I received a very unexpected and brief phone call from my online day job employer ten days ago. Due to government funding cuts they would regrettably be terminating my contract from the end of March after four years of working for them. I would be unemployed and I was home alone and couldn't reach Bookhound to tell him...and couldn't talk to anyone until he knew. Well I can't deny that as I walked the dogs around Rocky's field afterwards, on a wet, grey dank afternoon, I was in a state of complete shock. I hadn't seen it coming feeling sure that a service that is so relatively cheap to run, and can achieve so much whilst offering essential support to existing, over-stretched NHS services, would continue to attract the required funding.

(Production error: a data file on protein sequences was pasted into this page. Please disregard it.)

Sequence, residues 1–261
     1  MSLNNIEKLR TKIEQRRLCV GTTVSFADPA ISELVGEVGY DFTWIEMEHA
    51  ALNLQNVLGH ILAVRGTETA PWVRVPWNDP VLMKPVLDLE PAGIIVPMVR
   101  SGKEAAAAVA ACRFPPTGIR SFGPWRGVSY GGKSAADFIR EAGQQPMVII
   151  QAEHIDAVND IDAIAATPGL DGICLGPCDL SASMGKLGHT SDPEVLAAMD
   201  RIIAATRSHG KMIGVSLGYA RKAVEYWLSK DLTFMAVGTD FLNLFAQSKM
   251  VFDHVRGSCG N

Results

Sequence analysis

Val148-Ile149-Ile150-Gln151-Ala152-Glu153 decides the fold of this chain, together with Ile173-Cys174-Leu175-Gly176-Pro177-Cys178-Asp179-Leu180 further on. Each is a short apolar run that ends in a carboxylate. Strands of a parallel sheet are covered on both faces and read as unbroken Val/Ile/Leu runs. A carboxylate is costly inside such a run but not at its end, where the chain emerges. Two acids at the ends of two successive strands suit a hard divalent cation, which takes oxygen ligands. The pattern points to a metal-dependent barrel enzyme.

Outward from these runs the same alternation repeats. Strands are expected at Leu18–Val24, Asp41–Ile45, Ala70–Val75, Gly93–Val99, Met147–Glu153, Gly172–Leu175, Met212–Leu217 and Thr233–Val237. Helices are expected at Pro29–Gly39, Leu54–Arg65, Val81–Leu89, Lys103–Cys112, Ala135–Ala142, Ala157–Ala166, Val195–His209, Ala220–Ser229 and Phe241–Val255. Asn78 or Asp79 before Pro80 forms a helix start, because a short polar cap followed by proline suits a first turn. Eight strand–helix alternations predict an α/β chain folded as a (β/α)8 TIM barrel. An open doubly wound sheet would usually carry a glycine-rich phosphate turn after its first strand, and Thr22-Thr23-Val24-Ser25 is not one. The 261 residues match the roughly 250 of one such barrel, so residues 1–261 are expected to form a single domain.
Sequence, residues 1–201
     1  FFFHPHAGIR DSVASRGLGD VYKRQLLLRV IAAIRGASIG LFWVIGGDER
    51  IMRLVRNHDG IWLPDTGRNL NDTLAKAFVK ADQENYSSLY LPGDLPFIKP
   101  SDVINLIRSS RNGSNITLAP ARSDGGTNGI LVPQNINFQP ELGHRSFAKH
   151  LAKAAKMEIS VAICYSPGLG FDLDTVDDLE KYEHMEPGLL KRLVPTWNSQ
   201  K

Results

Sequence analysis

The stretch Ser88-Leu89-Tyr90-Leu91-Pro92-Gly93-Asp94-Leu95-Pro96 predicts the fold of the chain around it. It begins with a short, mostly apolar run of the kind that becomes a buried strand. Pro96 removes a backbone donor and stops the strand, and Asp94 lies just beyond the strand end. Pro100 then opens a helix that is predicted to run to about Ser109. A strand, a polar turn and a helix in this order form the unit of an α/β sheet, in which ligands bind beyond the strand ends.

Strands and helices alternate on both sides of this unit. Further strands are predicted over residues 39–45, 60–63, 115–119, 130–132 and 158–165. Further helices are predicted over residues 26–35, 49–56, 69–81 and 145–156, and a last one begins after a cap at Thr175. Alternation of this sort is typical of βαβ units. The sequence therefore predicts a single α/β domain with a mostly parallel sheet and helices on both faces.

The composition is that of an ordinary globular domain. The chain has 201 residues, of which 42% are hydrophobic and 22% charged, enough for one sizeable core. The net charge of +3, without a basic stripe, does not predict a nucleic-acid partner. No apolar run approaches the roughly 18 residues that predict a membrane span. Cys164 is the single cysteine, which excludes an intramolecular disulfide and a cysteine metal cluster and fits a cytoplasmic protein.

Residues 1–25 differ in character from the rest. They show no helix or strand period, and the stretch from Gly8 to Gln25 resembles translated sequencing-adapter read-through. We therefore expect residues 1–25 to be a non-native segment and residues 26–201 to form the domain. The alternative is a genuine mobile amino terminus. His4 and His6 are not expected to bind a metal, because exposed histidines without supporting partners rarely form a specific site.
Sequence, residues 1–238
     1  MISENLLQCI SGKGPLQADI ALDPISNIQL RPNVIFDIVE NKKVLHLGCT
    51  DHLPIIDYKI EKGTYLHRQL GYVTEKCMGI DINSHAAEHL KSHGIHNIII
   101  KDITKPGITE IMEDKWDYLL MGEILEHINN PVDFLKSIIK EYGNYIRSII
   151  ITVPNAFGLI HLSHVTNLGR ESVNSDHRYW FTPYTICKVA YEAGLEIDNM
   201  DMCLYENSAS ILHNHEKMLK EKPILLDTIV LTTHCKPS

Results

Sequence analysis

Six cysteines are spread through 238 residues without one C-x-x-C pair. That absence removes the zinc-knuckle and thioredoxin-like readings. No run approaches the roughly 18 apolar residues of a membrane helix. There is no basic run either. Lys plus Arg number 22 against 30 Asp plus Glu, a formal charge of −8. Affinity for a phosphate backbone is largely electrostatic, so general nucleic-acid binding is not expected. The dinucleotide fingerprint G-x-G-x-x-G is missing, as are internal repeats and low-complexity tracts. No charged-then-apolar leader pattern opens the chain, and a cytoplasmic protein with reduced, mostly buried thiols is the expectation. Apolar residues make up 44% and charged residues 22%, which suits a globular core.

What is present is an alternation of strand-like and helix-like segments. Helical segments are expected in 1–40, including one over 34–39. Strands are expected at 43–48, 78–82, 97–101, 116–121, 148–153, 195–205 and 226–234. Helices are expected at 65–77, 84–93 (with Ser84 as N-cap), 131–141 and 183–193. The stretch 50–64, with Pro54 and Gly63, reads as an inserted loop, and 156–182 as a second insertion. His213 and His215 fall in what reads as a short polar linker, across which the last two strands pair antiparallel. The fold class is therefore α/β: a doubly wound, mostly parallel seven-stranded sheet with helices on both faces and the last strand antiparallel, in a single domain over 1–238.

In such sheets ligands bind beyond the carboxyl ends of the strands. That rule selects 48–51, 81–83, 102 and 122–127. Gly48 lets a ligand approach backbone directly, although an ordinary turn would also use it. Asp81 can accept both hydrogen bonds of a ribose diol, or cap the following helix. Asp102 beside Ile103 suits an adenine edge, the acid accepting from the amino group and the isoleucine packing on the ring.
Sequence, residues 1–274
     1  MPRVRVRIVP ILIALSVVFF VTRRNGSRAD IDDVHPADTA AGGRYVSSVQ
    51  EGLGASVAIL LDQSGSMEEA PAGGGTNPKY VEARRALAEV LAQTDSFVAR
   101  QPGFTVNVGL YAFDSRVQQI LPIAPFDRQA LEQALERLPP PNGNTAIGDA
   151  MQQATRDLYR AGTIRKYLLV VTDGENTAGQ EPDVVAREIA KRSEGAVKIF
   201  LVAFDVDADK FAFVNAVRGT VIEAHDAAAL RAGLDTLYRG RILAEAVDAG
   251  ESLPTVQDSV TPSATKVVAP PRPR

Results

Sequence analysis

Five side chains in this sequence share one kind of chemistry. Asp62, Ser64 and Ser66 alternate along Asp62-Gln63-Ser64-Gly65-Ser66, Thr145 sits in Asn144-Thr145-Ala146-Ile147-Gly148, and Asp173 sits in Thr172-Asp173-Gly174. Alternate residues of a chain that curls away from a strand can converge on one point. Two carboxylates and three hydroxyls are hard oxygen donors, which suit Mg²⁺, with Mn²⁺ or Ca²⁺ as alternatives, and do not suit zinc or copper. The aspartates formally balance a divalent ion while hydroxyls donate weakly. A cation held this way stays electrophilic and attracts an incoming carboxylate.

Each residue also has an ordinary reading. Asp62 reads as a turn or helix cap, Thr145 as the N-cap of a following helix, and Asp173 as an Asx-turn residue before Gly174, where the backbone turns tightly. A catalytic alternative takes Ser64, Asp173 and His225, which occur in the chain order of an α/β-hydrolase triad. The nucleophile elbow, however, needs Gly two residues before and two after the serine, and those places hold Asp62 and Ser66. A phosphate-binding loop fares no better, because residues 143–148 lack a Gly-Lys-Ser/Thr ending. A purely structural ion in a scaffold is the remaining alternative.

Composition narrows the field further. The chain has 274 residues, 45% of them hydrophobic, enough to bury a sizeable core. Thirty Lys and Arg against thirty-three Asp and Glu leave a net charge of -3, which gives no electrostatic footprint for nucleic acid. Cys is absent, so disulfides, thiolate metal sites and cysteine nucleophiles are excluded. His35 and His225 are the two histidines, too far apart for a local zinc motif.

I have always understood, and indeed often explained to others, that shock, and the impact of receiving a shock, can be about doubting your resources. It was an explanation offered during a training course on Unrecognised Loss many years ago and it seemed to make sense. The initial reaction when that risk of being overwhelmed seems high, and with it comes an element of fear and numbness, perhaps a bit of panic, perhaps a bit of free-floating anxiety mixed with denial.